Prince died in 2016. The meme concludes: “RIP to a legend that created a legend!”
Since then, the meme has been repeatedly shared on Twitter and Facebook, where one post of it has been shared nearly 40,000 times.
A user flagged the post using Facebook’s fact-checking system, sending a request for Africa Check to check it.
Prince turned 13 in 1971
The meme has been debunked multiple times by different publications, including fact-checking websites Snopes and Politifact. Even digital media website Vice investigated it as one of many Prince-related popular culture myths.
Snopes says the timeline suggested in the meme makes its claims impossible. Prince was born in June 1958 and would have been 12 or 13 years old in 1971, the year Nike made its first shoe.
It’s highly unlikely that Prince, who released his first album in 1977, would have had enough money to invest in the company at such a young age.
More than this, Nike only started trading publicly in 1980 – so Prince couldn’t have bought shares in 1971.
No mention of Prince in history of Nike-Jordan partnership
As to whether Prince helped recruit Jordan to Nike in 1983, Politifact could not find any media reports saying the musician was involved in the sport star’s Nike deal. In any case, Jordan first signed with Nike in 1984, the year he played his first professional basketball game.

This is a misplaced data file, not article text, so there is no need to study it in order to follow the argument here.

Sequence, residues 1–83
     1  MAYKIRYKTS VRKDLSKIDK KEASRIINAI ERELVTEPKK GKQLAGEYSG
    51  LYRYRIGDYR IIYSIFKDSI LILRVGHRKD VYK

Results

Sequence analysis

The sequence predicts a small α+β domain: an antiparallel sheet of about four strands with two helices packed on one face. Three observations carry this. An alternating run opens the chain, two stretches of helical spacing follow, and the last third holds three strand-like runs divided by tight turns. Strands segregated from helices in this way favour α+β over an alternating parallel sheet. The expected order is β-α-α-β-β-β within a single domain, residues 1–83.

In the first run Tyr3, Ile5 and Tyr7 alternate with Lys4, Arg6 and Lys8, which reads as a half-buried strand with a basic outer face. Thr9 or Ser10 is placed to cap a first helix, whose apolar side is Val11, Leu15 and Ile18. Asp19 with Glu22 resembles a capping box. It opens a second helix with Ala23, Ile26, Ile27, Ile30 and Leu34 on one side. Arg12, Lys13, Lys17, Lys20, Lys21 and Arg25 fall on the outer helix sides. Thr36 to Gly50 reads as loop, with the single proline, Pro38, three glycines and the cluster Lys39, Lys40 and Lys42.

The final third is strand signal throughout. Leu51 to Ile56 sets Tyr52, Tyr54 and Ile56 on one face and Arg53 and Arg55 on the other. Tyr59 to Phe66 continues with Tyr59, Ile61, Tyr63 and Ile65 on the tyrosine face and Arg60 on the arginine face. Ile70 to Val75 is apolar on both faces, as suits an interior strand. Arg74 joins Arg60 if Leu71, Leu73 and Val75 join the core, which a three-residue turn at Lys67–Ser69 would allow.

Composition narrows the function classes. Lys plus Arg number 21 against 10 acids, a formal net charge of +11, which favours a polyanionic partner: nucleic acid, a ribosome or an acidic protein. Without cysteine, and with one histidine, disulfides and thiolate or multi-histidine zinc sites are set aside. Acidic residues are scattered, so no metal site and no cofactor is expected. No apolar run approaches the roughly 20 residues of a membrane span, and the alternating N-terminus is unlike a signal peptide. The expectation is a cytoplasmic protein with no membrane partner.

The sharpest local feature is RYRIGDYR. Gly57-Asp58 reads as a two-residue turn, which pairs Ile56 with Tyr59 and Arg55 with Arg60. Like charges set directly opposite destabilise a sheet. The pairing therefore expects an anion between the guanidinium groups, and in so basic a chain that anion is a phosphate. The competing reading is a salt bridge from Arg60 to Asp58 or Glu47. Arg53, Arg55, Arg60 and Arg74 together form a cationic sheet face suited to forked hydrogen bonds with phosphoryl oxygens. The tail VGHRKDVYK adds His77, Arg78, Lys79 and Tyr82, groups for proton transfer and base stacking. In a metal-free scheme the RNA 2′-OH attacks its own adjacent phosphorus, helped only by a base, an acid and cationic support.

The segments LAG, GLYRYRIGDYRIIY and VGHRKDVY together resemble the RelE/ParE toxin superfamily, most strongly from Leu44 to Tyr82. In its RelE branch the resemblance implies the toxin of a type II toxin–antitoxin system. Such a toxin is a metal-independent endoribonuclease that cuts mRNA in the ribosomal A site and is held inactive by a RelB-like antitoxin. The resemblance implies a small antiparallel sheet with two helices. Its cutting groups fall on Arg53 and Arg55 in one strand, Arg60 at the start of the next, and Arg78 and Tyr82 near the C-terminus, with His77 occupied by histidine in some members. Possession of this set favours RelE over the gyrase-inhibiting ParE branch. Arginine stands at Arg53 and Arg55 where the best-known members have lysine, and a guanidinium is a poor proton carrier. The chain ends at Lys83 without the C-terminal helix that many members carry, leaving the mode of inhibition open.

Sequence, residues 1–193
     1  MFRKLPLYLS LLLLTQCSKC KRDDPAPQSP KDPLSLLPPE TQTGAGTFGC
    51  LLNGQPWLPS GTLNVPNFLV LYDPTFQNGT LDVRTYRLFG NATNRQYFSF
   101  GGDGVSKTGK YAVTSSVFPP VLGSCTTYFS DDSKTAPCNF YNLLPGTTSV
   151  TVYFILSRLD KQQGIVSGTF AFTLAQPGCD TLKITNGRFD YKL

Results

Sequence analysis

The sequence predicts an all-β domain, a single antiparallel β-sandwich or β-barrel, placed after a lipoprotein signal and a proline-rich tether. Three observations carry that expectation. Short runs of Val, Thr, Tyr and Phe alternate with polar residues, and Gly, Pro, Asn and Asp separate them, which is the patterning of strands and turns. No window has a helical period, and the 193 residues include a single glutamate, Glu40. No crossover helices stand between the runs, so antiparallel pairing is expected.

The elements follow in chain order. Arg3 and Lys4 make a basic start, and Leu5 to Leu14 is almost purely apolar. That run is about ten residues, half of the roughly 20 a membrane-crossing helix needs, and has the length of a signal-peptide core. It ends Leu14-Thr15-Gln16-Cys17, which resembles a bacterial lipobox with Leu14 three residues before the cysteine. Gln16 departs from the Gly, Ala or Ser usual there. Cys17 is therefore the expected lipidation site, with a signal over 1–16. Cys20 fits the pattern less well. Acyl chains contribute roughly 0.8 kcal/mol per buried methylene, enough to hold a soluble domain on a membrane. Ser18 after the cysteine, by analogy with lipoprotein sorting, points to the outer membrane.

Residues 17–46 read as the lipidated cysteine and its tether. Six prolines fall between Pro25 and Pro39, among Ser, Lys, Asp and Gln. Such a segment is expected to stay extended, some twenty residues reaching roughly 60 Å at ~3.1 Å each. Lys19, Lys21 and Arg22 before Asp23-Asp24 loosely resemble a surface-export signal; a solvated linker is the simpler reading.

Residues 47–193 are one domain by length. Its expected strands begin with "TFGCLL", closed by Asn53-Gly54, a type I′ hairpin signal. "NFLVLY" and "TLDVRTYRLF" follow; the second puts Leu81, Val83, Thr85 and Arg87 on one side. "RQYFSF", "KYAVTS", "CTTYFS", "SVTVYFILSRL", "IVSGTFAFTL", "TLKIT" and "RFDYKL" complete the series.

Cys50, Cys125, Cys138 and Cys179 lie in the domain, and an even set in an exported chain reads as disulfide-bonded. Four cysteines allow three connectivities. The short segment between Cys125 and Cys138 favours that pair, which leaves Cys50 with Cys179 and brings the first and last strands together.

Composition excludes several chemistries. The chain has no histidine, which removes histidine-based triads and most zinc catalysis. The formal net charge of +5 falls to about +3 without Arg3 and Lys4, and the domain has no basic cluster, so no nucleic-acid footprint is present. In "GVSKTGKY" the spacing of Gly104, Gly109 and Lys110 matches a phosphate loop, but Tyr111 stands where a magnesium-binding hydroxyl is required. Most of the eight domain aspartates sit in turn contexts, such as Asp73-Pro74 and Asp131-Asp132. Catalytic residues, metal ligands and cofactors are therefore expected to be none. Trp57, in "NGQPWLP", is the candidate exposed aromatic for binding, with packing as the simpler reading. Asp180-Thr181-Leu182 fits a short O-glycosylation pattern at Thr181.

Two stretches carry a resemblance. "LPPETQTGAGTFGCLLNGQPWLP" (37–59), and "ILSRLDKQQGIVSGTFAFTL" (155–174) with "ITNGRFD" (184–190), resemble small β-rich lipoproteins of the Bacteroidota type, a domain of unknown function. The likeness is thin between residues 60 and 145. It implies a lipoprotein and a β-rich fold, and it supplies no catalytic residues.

In 2013 sport and entertainment network ESPN published a detailed history of the Nike-Jordan partnership. There’s no mention of Prince. The question of who influenced the deal has been so tangled that even Jordan’s agent in the eighties, David Falk, had to set the record straight more than 30 years later.
The meme also claims Prince designed the first Air Jordan, released in 1985. But this is also not true according to a number of sneaker specialist websites such as Sneakerfiles, Complex and Footlocker. - Naphtali Khumalo (20/05/19)
For publishers: what to do if your post is rated false
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Africa Check teams up with Facebook
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The content we rate as “false” will be downgraded on Facebook and Instagram. This means fewer people will see it.
You can also help identify false information on Facebook. This guide explains how.